In 2000, McNamara says, the company lost its contract with Madison Metro and put its transit division up for sale. "We were hemorrhaging money. As our lawyer said, 'You can't lose money on every ride and make it up in volume.' That's kind of what was happening."
It was the first and only time there were layoffs. "Once we got the debt paid down, we focused on cab service, on customer service," McNamara says. "Within a year or so, we started to come around again. Since then, we've been pretty much growing until last year."
The economy has hurt Union Cab, McNamara says, but it has managed to survive without layoffs or pay cuts. Despite revenues of $6.3 million, Union Cab lost nearly $90,000 last year due to high fuel prices and some unexpected fuel tank repairs.
McNamara says the company's cost-cutting measures have included pay freezes, overtime restrictions and a slowdown on hiring. Even so, Union Cab carried 601,261 passengers, compared to 598,042 for Badger Cab and 407,080 for Madison Taxi. Union Cab made 438,005 trips, compared with 398,696 for Badger Cab and 239,941 for Madison Taxi.
"Our members should be proud of what they accomplished," he says. "This is our worst year since 2000 when we almost went belly up. If this is the worst it gets from now on, that's fantastic."
It might be just semantics to some, but Hanson is glad Union lingo does not use "employee" to refer to co-workers. "I really think of us as members," he says. "We share and share alike, good and bad."
Hanson knows what it's like to be an employee. He left Union to pursue his trained profession as a mechanical drafter and designer but that proved frustrating. "I got really tired of being a number and a dollar sign in corporate culture," he says. "The last time I got downsized, people who had worked there for 30 and 40 years were let go. Just gone. So I came back thinking it was just going to be until I found something else, and now it's seven years later and I've been on the board twice."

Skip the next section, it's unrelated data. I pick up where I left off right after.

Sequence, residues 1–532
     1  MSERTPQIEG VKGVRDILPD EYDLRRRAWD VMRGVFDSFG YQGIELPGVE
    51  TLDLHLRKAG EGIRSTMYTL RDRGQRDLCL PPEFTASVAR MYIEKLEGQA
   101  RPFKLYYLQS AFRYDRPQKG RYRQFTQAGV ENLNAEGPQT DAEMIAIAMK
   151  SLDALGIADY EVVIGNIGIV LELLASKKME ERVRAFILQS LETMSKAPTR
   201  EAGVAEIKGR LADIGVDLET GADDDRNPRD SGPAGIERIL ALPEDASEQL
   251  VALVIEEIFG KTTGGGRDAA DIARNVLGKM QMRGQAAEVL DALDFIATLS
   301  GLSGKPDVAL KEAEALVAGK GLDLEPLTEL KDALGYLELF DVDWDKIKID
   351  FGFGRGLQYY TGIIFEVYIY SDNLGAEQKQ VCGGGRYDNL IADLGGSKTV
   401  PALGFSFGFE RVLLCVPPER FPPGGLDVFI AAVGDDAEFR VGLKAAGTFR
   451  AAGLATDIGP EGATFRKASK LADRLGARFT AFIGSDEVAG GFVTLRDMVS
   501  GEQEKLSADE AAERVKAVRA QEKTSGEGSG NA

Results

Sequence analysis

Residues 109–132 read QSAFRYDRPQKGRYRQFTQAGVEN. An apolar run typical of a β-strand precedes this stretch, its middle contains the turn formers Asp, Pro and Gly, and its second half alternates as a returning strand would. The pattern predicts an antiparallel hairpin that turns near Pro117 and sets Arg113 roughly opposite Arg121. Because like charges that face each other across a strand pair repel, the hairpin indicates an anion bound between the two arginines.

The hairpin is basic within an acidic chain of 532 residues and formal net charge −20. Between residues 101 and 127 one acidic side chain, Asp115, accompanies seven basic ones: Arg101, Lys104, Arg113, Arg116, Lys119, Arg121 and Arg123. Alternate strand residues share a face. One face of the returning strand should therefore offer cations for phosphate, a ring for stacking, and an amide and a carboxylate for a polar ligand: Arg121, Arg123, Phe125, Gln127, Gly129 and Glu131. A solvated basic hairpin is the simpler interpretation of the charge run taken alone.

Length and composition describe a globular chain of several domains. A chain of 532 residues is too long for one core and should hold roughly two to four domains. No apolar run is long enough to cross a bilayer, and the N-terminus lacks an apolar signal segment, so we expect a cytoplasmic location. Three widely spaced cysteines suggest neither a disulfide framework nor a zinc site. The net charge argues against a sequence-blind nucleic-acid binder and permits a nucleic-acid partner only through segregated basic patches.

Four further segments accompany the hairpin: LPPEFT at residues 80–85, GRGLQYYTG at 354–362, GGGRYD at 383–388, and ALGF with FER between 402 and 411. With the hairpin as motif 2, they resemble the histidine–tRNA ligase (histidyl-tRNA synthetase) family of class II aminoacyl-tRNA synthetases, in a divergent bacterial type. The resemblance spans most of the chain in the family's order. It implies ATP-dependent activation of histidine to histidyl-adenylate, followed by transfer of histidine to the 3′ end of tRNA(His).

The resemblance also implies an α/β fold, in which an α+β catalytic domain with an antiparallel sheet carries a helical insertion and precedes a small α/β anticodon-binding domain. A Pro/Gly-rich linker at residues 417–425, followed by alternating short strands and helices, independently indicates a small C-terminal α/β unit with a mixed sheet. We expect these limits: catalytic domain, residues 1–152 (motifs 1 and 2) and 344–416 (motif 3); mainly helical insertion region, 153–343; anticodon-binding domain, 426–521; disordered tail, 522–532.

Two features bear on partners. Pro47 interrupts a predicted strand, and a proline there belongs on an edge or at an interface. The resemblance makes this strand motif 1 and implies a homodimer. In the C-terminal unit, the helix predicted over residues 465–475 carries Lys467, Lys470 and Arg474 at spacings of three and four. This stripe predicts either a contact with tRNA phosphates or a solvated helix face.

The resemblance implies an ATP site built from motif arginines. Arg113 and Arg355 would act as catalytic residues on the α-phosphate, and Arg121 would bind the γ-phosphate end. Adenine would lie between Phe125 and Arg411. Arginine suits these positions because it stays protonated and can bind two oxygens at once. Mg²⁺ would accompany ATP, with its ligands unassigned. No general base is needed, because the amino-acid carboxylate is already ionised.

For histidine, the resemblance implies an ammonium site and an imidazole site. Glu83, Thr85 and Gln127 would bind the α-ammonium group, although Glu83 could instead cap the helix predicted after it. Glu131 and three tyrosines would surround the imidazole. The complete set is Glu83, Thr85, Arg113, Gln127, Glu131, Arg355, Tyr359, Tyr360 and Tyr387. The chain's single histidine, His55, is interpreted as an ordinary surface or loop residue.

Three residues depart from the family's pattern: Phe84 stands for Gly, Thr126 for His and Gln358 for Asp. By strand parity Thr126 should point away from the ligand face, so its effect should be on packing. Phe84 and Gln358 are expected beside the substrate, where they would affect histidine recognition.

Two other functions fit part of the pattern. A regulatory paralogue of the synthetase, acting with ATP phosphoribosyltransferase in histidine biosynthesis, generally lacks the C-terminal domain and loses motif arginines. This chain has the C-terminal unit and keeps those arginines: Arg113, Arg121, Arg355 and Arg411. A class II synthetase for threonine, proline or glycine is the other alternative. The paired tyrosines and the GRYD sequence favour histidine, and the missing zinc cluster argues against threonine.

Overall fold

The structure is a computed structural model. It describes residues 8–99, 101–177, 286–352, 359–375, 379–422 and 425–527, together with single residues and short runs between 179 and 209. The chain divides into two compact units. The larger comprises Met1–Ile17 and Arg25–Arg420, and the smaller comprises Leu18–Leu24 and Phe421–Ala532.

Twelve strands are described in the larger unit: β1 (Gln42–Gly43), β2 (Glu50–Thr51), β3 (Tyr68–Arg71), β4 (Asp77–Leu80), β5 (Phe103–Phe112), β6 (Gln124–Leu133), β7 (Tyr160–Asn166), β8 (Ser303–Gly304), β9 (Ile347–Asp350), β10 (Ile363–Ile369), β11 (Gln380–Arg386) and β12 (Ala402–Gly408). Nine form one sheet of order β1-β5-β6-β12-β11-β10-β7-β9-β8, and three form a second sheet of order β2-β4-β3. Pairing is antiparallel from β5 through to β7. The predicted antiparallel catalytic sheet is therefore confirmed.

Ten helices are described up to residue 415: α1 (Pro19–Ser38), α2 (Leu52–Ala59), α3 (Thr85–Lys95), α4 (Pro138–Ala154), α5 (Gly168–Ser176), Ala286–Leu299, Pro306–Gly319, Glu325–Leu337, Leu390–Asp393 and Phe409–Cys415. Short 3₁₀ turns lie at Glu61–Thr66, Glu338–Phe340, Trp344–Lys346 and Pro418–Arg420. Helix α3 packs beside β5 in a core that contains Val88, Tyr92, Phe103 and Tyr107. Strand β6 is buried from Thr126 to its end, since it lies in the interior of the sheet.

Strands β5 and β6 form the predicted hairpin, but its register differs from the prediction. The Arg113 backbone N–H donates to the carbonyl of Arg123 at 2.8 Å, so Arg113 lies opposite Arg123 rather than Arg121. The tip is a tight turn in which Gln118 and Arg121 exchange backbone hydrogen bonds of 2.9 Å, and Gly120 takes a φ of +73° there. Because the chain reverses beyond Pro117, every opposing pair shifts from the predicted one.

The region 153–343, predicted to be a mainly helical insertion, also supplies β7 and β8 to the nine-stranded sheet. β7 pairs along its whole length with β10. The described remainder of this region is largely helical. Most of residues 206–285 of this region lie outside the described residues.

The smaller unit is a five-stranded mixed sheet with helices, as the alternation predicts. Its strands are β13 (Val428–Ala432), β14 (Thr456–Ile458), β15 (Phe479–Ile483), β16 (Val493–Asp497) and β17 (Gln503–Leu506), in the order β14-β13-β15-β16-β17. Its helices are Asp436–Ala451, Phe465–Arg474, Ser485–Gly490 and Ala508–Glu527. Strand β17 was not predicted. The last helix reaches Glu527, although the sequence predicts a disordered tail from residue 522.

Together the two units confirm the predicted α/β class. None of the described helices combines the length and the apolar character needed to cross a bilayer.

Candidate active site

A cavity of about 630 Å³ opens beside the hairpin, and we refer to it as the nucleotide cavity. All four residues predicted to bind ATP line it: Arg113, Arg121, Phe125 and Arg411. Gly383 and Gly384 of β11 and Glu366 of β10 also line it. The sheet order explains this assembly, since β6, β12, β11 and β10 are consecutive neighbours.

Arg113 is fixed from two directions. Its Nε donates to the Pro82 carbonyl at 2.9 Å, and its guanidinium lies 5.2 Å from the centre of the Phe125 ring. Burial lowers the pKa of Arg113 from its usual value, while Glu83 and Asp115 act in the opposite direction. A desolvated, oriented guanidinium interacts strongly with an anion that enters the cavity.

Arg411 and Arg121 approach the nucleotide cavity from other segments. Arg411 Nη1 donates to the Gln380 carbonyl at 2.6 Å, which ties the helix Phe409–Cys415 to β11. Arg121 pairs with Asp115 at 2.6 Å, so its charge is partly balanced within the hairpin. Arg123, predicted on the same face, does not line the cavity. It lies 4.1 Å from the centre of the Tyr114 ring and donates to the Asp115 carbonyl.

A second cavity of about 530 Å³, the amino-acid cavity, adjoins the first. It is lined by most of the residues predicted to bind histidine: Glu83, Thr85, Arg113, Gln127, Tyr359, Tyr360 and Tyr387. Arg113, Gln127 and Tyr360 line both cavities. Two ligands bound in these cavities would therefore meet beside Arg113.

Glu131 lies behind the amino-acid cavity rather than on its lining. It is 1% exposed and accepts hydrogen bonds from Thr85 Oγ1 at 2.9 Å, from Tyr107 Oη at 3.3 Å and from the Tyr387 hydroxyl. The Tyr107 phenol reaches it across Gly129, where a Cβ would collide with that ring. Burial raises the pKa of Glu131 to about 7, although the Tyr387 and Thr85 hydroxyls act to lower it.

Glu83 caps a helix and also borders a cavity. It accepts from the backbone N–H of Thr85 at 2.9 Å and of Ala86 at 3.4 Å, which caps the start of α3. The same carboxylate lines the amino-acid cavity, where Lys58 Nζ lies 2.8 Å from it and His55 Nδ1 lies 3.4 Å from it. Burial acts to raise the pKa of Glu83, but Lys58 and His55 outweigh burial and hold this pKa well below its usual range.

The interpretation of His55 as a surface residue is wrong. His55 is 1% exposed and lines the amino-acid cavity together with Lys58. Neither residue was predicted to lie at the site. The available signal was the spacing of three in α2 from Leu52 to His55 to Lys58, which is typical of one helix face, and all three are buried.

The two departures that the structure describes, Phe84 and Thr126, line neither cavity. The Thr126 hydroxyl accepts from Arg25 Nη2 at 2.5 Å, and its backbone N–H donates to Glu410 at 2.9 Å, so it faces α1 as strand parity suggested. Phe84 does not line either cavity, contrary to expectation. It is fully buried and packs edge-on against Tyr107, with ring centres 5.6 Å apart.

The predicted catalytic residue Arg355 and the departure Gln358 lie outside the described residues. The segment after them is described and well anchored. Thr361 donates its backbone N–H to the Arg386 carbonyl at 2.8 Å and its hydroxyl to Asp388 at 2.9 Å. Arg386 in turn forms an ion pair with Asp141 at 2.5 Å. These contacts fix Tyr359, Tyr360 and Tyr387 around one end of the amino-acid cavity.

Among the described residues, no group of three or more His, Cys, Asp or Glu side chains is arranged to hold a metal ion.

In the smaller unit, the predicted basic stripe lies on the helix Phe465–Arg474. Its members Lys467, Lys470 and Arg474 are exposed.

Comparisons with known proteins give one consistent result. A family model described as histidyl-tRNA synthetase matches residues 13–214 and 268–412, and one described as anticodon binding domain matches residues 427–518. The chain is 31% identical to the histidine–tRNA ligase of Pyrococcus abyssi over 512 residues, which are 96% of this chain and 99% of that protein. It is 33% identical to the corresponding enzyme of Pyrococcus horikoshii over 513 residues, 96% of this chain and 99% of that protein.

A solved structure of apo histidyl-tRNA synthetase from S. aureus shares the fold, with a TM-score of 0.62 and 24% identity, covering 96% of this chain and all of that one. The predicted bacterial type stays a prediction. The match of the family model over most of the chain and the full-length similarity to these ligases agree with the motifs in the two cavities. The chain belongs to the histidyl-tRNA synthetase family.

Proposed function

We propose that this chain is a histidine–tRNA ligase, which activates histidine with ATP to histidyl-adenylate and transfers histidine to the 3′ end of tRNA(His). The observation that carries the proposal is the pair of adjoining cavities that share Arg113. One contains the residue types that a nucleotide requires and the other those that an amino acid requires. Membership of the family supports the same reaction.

Lucy Oppegard, who first came to Union Cab 12 years ago, is also a refugee from the mainstream work world. "I'd worked a lot of places before, a lot of craptacular jobs," she says. "And because I've been here for 12 years, it's really skewed my idea of what a job should be."
Despite that, serving on the board at a time of financial and personnel issues stressed her out enough that she quit Union and took a job as a certified nursing assistant.
It didn't work out. She didn't like people timing her breaks. She didn't much appreciate being accused of sexual harassment because she didn't wear a bra. She heard about a friend at another job who was fired for joking that she wanted to take a nap on the job. Oppegard realized she'd taken the environment at Union Cab for granted, and returned.